This first contact print (at left) was made using the decades old dual 40 watt Mazda bulbs that were installed in the contact printer when I received it. The exposure was made for one second after which it was processed in Dektol for just under 45 seconds with constant rotary agitation followed by a two minute plain water stop bath. The print was then fixed for two minutes using a 1:7 dilution of Kodafix. As may be seen the print is exceedingly overexposed having hardly any definite texture in the legs of the opilione (daddy long legs spider) and none in the body. I drastically underestimated the brightness of the lamps serving as the light source. I took into account that with the contact printer the distance from the light source was easily ten times shorter than that one would use with an enlarger and working the manufacturers data sheet describing the paper as 30 times slower than normal papers I selected a one second exposure and well, at least it was educational.
Unevenly exposed contact print
With the above as a reference point I looked at what I had available in the way of medium base (medium Edison screw, or E27) bulbs. Failing to find anything less than 40 watts with a frosted or opal glass I settled on a pair of 15 watt night light sized clear bulbs—the type used in the B&L Opti-Lume illuminator. Apart from being significantly lower in wattage, the night light bulbs are much smaller physically and have a shorter total filament length. In the second print (at right) I used an exposure time of three seconds and processed the print as above. The results were better than those had in the first contact print but still quite a bit off from acceptable. The mounting hardware in the contact printer is on one side only so that two full sized bulbs have their filaments centered beneath the frosted glass. The smaller bulbs were far from centered and an internal wire partially occluded one of the bulbs.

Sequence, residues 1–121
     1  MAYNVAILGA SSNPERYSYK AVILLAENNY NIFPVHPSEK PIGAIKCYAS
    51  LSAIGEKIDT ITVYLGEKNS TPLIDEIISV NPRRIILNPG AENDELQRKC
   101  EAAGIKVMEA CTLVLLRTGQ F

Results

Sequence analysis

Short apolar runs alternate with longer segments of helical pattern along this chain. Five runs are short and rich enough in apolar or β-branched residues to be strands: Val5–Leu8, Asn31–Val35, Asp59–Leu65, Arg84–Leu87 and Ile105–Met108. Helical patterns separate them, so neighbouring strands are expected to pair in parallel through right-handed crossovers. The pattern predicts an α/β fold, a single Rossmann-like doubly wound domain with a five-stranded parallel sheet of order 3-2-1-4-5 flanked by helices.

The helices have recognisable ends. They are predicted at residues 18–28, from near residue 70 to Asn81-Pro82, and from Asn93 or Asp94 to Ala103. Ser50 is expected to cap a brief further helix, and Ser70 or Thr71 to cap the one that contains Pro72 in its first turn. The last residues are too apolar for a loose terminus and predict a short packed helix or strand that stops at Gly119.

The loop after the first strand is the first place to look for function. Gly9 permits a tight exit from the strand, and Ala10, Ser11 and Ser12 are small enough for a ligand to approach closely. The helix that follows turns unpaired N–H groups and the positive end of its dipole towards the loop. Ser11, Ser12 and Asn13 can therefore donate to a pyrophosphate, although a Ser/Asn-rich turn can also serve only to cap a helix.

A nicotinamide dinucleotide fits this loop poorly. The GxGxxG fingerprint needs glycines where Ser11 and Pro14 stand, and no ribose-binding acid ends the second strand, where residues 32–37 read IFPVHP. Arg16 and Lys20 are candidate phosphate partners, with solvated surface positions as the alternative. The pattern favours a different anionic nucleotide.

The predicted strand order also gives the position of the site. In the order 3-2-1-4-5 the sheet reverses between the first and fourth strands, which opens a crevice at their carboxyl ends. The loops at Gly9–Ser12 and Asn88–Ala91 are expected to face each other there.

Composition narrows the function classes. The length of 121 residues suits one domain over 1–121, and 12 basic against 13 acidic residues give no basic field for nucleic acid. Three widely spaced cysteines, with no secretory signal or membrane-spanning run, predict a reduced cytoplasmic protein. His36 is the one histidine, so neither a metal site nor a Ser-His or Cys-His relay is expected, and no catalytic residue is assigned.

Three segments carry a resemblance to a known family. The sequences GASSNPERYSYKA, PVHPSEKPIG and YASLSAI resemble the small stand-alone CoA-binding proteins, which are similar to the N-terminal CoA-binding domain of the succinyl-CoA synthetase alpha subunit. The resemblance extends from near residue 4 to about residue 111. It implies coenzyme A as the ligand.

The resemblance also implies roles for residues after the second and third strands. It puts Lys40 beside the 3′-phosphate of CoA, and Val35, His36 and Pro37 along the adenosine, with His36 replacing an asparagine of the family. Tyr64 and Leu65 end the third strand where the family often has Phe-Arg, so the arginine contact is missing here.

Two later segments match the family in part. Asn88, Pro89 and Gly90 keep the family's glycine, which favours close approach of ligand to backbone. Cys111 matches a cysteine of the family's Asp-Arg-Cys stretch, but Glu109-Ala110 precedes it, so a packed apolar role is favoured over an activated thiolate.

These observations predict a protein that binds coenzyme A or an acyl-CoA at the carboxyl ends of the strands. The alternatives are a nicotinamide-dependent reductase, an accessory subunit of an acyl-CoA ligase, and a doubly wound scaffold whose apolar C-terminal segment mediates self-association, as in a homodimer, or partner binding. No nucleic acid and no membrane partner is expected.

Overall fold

Tray Processed Contact Prints
Preferentially developed right corners with tray development
Resolved to get something much more like an acceptable print from the contact printer I adjusted the position of the internal wire and repeated the three second exposure with the night light bulbs and a different negative. This time I worked in my improvised darkroom and processed using Dektol and Kodafix in an open tray. I used a plain water stop in a third larger tray. Trying to be too clever for my own good in my first attempt at tray processing I sought to overcome the effect of the off center bulbs in my contact printer. I used roughly a minute and a half of total processing time and for nearly a third of that I held the side that corresponded with the bulbs out of the tray using my tongs and preferentially developed the opposite side of the print. The results as seen at left aren’t more even as a result, if anything they’re less. Rather than being more even the one side is significantly less developed overall and there’s somewhat less overall contrast. With little experience on the matter I’ll tentatively attribute this to the far lower rate of agitation I was able to achieve in the trays as compared to the constant agitation in the rotating print drum.